March 3, 2023

Hydration For Athletes

The secret to avoiding dehydration and maximising athletic performance

As we all know, our bodies function better when well-hydrated. Hydration is particularly important for athletes and active people, especially when training sessions cause them to sweat and lose fluid and electrolytes.

A clear glass bottle pouring water into a glass on a white surface.
Photo by Ksenia Chernaya

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An athlete’s goal when it comes to drinking water should be euhydration, meaning balancing between their fluid loss and fluid intake.

Therefore, a fluid shortage can severely affect performance, especially if it continues for long.

Some short and long-term effects/symptoms of not drinking enough can be fatigue, trouble concentrating, headaches, thermoregulating issues, muscle cramping and more…

Ways to spot dehydration/low fluid intake in your body:

  • Experiencing fatigue frequently
  • Little and dark in colour urine
  • Continuous weight loss
  • Finding it difficult to recover and regain energy after training

If you experience some or all of the above and given that your nutrition is balanced, you should pay more attention to your fluid intake.

It would be best if you always tried to prevent your body from reaching dehydration or hypohydration rather than letting it happen and then trying to compensate for it.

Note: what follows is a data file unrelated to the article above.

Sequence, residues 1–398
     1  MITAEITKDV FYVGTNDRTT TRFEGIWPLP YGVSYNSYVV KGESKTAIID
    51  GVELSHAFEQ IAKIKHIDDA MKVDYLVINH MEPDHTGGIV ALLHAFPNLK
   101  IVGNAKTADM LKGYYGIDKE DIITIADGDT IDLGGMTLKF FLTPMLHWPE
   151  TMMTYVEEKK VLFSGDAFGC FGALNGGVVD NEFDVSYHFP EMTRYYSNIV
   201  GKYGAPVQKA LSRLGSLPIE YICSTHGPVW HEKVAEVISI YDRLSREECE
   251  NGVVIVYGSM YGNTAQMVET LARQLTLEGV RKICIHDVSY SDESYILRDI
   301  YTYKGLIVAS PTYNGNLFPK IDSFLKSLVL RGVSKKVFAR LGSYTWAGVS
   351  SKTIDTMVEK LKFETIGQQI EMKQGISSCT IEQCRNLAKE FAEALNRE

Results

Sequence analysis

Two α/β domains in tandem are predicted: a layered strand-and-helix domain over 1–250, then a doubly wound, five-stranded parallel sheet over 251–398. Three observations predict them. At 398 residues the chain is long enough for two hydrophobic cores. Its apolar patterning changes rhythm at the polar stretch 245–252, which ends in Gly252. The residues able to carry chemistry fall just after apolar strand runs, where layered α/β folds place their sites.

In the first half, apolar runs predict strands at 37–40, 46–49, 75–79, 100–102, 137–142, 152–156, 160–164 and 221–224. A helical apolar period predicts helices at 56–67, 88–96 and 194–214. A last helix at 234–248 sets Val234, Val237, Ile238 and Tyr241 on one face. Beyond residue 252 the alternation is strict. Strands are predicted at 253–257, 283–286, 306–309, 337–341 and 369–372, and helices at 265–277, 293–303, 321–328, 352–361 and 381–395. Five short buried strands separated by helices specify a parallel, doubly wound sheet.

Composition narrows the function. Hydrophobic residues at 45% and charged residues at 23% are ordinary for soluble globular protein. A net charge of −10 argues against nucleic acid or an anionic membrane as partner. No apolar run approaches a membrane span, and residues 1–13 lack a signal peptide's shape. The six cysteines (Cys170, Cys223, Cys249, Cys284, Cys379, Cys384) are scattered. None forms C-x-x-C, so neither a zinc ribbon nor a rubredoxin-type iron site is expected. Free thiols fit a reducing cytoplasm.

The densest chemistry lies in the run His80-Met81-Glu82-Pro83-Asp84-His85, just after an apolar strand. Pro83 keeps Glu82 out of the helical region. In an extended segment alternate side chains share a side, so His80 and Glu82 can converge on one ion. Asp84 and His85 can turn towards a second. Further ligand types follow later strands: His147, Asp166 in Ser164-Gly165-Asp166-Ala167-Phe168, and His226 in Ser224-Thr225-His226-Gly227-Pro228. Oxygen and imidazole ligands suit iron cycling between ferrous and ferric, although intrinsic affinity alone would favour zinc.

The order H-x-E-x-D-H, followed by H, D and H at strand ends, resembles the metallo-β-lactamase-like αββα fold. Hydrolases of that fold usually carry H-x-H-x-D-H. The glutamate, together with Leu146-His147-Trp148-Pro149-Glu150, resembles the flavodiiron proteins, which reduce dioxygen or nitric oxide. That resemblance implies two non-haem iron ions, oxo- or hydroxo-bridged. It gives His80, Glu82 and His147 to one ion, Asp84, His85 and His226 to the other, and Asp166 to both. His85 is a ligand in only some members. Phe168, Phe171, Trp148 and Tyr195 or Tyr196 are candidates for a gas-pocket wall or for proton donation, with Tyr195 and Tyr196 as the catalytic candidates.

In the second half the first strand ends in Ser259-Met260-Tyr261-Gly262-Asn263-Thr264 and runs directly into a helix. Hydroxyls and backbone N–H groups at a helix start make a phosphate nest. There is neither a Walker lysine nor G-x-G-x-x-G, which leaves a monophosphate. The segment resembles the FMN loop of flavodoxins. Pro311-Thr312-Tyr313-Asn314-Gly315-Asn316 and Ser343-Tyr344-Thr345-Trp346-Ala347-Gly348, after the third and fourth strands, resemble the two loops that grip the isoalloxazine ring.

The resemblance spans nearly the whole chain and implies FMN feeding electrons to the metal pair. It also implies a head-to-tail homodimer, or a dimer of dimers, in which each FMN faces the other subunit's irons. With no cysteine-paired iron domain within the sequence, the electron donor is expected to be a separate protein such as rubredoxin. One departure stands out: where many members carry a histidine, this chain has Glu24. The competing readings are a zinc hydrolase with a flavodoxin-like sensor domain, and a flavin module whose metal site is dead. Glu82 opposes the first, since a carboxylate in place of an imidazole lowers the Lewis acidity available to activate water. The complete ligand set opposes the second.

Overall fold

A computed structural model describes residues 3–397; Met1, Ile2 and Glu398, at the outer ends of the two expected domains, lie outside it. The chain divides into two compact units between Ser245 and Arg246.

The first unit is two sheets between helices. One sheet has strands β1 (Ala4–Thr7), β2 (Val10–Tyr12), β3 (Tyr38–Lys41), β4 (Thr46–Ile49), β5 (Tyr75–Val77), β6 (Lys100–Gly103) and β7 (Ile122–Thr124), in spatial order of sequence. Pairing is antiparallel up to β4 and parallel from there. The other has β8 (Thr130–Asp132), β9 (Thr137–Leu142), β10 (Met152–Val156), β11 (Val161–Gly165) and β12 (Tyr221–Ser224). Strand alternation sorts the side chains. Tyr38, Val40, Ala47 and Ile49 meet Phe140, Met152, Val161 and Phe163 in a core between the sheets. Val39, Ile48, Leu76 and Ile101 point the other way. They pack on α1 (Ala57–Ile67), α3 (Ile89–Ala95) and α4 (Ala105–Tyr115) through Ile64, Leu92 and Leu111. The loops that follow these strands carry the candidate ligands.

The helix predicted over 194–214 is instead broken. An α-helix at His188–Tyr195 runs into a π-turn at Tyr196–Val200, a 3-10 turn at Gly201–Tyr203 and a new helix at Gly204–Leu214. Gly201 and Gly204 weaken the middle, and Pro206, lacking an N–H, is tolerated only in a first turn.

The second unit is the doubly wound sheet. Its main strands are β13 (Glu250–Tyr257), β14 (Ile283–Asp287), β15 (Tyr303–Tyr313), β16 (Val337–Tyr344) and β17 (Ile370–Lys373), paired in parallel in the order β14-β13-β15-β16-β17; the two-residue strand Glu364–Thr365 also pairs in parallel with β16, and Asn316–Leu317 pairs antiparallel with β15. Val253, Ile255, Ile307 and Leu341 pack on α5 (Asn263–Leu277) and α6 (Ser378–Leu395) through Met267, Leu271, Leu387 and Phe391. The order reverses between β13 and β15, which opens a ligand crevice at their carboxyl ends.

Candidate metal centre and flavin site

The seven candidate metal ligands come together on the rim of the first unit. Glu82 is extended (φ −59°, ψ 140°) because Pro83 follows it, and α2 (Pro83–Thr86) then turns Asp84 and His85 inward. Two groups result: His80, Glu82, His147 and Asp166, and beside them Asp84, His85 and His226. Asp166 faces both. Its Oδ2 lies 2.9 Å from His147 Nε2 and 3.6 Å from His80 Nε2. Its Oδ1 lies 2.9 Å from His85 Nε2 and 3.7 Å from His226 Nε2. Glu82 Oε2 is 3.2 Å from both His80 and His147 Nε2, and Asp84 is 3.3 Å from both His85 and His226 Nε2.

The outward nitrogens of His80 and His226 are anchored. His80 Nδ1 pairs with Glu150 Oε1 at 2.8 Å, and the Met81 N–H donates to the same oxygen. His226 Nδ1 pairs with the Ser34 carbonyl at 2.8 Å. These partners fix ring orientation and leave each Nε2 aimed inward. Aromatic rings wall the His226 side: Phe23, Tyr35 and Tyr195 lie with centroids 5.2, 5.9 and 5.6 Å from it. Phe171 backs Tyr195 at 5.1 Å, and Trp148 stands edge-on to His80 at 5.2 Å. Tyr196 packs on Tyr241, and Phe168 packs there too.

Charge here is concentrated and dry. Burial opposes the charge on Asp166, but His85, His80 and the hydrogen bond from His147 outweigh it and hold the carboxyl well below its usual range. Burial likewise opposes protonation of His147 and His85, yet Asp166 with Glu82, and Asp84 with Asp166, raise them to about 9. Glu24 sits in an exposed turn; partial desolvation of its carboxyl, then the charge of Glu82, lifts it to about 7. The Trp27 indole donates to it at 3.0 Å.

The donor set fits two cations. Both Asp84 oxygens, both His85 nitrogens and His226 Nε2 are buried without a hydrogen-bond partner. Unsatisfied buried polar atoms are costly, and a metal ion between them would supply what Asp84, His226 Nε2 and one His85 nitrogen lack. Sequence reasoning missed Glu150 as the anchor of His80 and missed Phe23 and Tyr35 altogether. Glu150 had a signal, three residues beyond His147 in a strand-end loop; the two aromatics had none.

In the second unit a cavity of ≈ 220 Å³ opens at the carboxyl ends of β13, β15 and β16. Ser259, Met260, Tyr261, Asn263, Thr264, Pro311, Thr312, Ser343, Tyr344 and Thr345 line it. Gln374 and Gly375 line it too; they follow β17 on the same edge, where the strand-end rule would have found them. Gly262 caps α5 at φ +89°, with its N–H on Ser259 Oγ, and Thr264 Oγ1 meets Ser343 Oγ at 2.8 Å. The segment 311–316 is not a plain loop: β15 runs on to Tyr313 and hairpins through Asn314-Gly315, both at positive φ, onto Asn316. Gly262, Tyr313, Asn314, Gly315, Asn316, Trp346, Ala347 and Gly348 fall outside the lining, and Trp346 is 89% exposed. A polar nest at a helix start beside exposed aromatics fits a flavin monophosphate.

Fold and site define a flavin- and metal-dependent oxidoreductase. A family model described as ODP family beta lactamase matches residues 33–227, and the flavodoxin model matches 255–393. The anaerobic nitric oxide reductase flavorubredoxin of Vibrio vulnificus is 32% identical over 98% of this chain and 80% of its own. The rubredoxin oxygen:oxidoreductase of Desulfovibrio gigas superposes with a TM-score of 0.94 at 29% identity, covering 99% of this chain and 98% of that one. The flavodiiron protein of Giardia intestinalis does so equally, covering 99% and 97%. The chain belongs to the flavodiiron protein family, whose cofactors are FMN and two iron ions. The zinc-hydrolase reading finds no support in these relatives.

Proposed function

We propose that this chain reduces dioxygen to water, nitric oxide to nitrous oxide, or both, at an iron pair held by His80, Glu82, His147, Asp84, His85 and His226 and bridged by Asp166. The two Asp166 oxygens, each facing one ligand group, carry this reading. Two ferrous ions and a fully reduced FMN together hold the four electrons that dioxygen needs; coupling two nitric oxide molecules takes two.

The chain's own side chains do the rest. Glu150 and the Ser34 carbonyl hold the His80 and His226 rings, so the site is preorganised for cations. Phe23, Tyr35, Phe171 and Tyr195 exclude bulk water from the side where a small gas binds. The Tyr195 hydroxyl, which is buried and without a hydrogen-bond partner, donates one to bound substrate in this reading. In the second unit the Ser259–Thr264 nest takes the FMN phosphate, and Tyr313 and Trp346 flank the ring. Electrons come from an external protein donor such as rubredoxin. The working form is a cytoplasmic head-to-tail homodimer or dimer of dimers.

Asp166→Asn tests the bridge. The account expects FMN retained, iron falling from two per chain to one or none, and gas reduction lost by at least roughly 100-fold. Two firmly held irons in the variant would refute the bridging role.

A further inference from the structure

Sodium and carbs help the body absorb fluids. You can either buy such drinks ready or powder to add to water or stir 400–1000mg of sodium per litre of water (1g salt contains about 40mg sodium). Mixing fruit juice into water will also provide carbohydrates (fructose and glucose).

Be careful: Drinking an excessive amount of water is not good for the body, either.

Fun fact: Symptoms of drinking too much include nausea, vomiting, and headaches and can even cause what is called ’’water intoxication’’, brain damage and other severe issues, although that is very hard to reach and requires immense effort. I highly doubt that one could do that to himself.

Coffee, tea and other beverages help reach your daily fluid intake, too!

Exercise and water intake

Obviously, the more you move your body and exercise, the more sweat you produce and finally, the more water (and electrolytes) you should drink to keep up with your daily needs.

Tips and signs you are drinking enough water

  1. Make sure to keep a large, refillable water bottle nearby at all times — one at home and one at work.
  2. Check the colour of your urine when you visit the toilet — if it is light yellow or colourless, you stay adequately hydrated.
  3. Don’t wait until you feel thirsty — sip water regularly throughout the day, even when you don’t feel thirsty.
  4. Make sure to drink before, during and after meals, as well as before, during and after physical activities.
  5. If you find drinking water boring, find ways to motivate you to drink more; perhaps you can add slices of citrus fruits or berries to make it more flavourful, or even keep a water tracker/journal!

A key takeaway from this blog is always to try to stay hydrated. Drinking enough water throughout the day can help boost energy levels, keep your body healthy and reduce the risk of dehydration-related illness. Additionally, staying hydrated can improve cognitive performance, enhance physical performance and help speed up recovery after exercise.

It is important to ensure you drink enough water daily to get the most out of your body and mind. Have a glass of water!